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Death Be Not Proud: A Fairy Tale Retold Paperback – March 24, 2017
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More things I liked? Stunning New Zealand scenery and vivid Jazz Age setting. This book does have alcohol and cigarettes in it to carry on the time period. While the story does not have an explicit Christian thread that's easy to find, its interplay of love and justice, accepting or abdicating responsibility, and hinted character arcs of maturity, offer plenty of food for thought.
But the best effect of this book is simply the sheer joy of it. It's a book that invites you to laugh, to hold your breath, to fear, to imagine, to strive for the solution. In short, it invites you into a myriad of intense emotions that any reader--every reader--wants to experience. It's a living jewel of a story, and perhaps the sheer aliveness of its characters is what I love about it so much.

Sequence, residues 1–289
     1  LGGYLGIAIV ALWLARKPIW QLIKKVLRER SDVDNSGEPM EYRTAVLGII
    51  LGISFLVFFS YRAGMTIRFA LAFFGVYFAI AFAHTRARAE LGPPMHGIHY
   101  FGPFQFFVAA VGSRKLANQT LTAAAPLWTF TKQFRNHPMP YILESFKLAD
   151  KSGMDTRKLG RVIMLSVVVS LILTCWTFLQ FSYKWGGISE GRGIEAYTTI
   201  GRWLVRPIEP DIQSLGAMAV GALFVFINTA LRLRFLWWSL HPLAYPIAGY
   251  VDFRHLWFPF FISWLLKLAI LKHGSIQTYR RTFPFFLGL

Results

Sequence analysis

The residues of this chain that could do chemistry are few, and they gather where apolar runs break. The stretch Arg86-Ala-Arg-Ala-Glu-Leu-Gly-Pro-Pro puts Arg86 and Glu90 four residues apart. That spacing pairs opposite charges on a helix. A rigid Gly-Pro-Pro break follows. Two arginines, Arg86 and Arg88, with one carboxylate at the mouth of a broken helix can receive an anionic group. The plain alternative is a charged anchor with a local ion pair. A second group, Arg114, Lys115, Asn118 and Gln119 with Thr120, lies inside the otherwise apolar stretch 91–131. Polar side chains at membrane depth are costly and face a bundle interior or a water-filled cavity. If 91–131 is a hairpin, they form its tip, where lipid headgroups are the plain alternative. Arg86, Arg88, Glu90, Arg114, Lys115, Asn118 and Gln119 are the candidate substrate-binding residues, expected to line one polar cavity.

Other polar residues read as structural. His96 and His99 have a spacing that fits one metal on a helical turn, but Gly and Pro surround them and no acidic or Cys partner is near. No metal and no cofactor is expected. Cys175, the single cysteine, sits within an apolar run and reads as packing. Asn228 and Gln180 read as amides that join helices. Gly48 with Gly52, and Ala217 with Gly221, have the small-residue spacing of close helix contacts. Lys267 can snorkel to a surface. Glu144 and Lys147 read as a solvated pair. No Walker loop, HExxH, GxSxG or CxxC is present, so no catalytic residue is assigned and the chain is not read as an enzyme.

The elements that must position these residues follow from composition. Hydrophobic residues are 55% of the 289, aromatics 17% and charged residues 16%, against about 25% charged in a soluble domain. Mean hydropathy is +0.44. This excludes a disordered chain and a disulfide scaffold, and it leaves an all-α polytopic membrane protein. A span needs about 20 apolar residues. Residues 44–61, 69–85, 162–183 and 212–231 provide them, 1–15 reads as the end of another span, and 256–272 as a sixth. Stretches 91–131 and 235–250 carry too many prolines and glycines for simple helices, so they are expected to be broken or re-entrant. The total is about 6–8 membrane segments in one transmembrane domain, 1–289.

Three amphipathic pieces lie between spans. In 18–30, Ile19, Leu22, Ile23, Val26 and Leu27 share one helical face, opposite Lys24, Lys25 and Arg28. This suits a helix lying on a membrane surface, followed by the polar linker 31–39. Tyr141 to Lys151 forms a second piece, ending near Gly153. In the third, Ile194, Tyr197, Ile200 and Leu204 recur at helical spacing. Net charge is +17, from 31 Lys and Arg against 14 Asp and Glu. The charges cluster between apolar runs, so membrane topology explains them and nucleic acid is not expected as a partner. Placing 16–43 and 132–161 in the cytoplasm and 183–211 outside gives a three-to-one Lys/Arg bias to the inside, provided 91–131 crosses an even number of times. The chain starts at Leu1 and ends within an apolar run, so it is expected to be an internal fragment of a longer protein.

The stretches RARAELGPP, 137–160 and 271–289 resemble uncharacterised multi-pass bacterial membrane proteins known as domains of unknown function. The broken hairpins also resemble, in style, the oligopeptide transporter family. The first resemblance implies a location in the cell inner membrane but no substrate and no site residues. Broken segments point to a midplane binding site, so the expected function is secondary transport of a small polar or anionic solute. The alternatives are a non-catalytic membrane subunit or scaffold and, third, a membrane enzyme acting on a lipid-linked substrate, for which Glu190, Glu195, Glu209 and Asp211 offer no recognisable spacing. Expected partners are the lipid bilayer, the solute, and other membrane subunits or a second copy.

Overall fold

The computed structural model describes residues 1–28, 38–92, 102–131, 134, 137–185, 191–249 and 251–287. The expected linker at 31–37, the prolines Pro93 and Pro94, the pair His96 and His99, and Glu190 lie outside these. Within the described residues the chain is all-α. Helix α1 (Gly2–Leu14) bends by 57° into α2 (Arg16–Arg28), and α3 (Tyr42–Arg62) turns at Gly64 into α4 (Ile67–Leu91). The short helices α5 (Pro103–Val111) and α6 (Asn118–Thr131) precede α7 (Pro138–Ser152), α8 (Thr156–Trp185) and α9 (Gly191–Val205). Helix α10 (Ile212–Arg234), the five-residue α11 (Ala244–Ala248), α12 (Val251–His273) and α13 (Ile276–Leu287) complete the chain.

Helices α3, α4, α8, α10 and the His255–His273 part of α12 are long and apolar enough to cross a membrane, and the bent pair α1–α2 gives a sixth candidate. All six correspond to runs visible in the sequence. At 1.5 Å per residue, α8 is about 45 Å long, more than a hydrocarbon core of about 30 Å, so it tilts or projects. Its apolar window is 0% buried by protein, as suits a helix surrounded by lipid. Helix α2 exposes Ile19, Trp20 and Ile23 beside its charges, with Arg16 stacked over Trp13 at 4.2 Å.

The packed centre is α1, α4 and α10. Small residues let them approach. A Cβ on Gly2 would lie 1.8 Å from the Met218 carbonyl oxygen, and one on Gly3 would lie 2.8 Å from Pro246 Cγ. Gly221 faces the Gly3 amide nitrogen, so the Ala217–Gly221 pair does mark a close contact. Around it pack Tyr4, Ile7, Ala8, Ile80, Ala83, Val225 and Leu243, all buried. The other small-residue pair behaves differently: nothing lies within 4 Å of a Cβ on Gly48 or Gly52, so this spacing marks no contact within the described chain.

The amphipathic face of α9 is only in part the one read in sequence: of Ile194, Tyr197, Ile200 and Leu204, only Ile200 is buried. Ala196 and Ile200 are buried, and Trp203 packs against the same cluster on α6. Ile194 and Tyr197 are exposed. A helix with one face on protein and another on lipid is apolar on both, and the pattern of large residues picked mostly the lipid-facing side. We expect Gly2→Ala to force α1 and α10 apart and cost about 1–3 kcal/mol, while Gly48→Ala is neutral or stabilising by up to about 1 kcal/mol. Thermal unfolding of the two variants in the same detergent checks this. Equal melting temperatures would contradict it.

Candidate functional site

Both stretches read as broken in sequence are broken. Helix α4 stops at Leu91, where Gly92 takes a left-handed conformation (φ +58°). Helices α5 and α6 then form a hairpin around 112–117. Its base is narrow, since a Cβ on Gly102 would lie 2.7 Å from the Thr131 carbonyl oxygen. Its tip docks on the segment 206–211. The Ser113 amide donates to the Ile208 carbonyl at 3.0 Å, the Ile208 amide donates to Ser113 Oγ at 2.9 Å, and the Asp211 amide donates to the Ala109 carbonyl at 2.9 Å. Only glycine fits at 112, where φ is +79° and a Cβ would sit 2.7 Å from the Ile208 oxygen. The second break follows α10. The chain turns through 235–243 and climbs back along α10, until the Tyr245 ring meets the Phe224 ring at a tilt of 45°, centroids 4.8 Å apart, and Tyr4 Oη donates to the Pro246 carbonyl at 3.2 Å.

I was gifted with a copy for an honest review.
(I've since read some Mary Stewart, and if you like her mysteries, you'll enjoy this one.)
In fact, I found the setting affected me more powerfully than the time period, for despite the twenties references the story felt timeless, which worked for me given that it's also a retold fairy tale. And of course one of the most important themes - what is justice, and what price should any person be willing to pay to see justice done - are timeless questions.